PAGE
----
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5 Foods That Can Harm Your Smile And Oral Health

At work, at school, and even at home, you might snack throughout the day, and often on foods that are harmful to your teeth. Your dentist knows sugar is one of the causes of tooth decay, so he or she warns you against it. Here are some foods that can wreak havoc on your teeth and smile. 

Hard Candy

For many people, the holiday season means indulging in sweets, candies, and other sweet treats that seem like they’re harmless to your teeth. Sadly, this is far from the truth. Hard candies are some of the worst culprits for causing tooth decay because they stick to your teeth; since they are so sticky, they take longer to eat with saliva washing them away, and their high sugar content feeds the bacteria in your mouth that cause cavities.

Soft Drinks

Soft drinks are full of sugar and poor for oral health. An occasional soda is unlikely to cause serious harm to teeth; however, regularly drinking soft drinks contributes to tooth decay. Over time, the sugar in soft drinks can erode tooth enamel and increase the risk of cavities. The acids found in most sodas can also cause tooth erosion. Want to enjoy a refreshing soda? Drink it through a straw to prevent contact with your teeth. Drinking water is always a better choice for your oral health.

This beverage contains both sugar and acid that will damage your teeth. If you love this sweet citrusy treat, try to drink it quickly and rinse your mouth with water afterward to minimize any damaging effects. You may also want to brush your teeth afterward to remove leftover residue that can harm your teeth and gums.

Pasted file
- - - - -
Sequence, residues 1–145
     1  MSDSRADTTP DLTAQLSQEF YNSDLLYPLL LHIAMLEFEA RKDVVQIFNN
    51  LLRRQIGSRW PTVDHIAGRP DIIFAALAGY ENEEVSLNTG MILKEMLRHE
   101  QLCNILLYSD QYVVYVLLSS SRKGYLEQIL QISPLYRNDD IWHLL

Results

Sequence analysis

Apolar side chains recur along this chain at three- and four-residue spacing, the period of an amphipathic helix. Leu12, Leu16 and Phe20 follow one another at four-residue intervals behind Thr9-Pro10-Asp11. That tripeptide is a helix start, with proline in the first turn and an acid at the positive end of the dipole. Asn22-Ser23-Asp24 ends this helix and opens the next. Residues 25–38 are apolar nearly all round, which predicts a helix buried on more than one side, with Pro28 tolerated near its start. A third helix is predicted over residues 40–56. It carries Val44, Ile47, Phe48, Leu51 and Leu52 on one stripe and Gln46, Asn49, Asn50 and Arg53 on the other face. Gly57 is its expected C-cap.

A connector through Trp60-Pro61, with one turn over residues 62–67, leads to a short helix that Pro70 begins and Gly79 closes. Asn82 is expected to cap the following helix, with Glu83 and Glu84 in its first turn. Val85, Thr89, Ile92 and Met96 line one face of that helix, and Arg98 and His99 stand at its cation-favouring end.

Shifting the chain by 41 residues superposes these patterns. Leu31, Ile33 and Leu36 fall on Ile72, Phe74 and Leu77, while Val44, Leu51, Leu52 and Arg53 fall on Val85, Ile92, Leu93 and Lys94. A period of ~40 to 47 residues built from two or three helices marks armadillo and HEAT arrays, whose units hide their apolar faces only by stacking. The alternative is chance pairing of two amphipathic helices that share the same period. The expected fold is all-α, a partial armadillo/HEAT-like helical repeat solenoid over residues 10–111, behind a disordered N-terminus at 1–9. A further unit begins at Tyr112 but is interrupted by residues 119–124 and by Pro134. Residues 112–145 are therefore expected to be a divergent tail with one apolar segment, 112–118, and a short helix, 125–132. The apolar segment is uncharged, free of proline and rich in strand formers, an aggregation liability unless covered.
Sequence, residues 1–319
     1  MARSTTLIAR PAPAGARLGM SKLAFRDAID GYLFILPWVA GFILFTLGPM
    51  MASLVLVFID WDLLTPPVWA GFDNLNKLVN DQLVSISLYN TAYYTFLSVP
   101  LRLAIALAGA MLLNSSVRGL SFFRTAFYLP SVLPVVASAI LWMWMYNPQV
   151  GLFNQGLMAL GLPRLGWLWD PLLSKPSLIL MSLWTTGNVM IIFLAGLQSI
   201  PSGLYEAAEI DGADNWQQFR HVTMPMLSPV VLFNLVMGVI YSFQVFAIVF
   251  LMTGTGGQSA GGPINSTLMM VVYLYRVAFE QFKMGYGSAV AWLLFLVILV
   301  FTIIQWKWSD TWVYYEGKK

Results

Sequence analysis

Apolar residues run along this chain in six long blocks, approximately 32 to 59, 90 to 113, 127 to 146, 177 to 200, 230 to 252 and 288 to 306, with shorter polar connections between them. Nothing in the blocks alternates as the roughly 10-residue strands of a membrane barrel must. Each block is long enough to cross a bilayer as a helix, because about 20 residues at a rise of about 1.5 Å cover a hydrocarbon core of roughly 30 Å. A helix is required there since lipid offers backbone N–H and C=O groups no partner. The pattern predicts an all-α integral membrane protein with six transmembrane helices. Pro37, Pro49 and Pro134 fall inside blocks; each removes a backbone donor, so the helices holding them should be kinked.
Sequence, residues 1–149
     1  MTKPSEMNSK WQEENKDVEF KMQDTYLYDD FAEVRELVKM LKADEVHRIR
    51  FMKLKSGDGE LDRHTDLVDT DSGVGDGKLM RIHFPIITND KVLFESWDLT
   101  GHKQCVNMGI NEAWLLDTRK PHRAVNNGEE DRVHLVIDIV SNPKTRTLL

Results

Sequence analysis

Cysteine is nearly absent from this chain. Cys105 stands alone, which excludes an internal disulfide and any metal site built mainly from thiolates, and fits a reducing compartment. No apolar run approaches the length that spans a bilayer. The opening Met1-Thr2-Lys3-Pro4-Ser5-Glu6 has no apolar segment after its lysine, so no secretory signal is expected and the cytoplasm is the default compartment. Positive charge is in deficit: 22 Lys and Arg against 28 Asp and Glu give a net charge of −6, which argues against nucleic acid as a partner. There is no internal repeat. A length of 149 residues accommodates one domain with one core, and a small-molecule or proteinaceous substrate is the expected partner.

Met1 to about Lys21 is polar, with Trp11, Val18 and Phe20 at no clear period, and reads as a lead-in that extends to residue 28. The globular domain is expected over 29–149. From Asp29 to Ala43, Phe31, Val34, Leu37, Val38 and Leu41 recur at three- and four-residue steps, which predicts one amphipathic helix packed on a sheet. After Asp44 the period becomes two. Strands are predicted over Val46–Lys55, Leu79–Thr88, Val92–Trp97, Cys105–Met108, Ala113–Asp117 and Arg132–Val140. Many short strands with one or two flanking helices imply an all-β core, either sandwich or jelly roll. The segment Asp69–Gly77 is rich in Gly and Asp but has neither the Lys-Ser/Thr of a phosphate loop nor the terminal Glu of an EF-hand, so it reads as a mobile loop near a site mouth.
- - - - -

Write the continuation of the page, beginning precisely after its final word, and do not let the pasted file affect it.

Coffee and Tea

Both coffee and tea can stain teeth, so it is best to rinse your mouth with water immediately after consuming these beverages in order to minimize their effects on your smile. Although tea and coffee are both dark in color, the truth is that coffee is actually more acidic than tea, which is why coffee lovers should always brush their teeth after drinking coffee in order to protect against cavities and erosion caused by excess acidity. Caffeinated drinks like coffee tend to dry out the mouth and cause bad breath over time. So it’s a good idea to drink plenty of water when you’re drinking caffeinated beverages to help wash away some of the dehydrating effects. Water also helps flush away remaining residue and clean the teeth. Drinking water throughout the day will also help keep the body hydrated.


Alcohol has a high acidity level which wears away the enamel on your teeth. This is why red wine tends to be the worst offender when it comes to wine’s effect on your oral health. While white wine is more acidic than red due to its lack of tannins and preservatives, its lighter flavor causes people to sip more to enjoy an effective buzz. One glass of white wine has the same negative effect as half a glass of red wine.

Sports Drinks

Anyone that enjoys watching sports knows that our favorite players enjoy drinking a lot of Gatorade or Powerade during the games. These drinks contain so much sugar that they are nearly as bad as soda. In fact, they are actually meant to quench thirst but contain little actual water. Instead, these drinks are infused with artificial sweeteners and sugar, which can do severe damage to teeth. The acidity in these drinks can also cause erosion of enamel as well. So the next time your team scores a touchdown, celebrate without damaging your teeth. 

To learn more, get in touch with Bonanza East Dental at 4890 E Bonanza Rd, Las Vegas, NV 89110, or call (702) 649-6859 to book your appointment.

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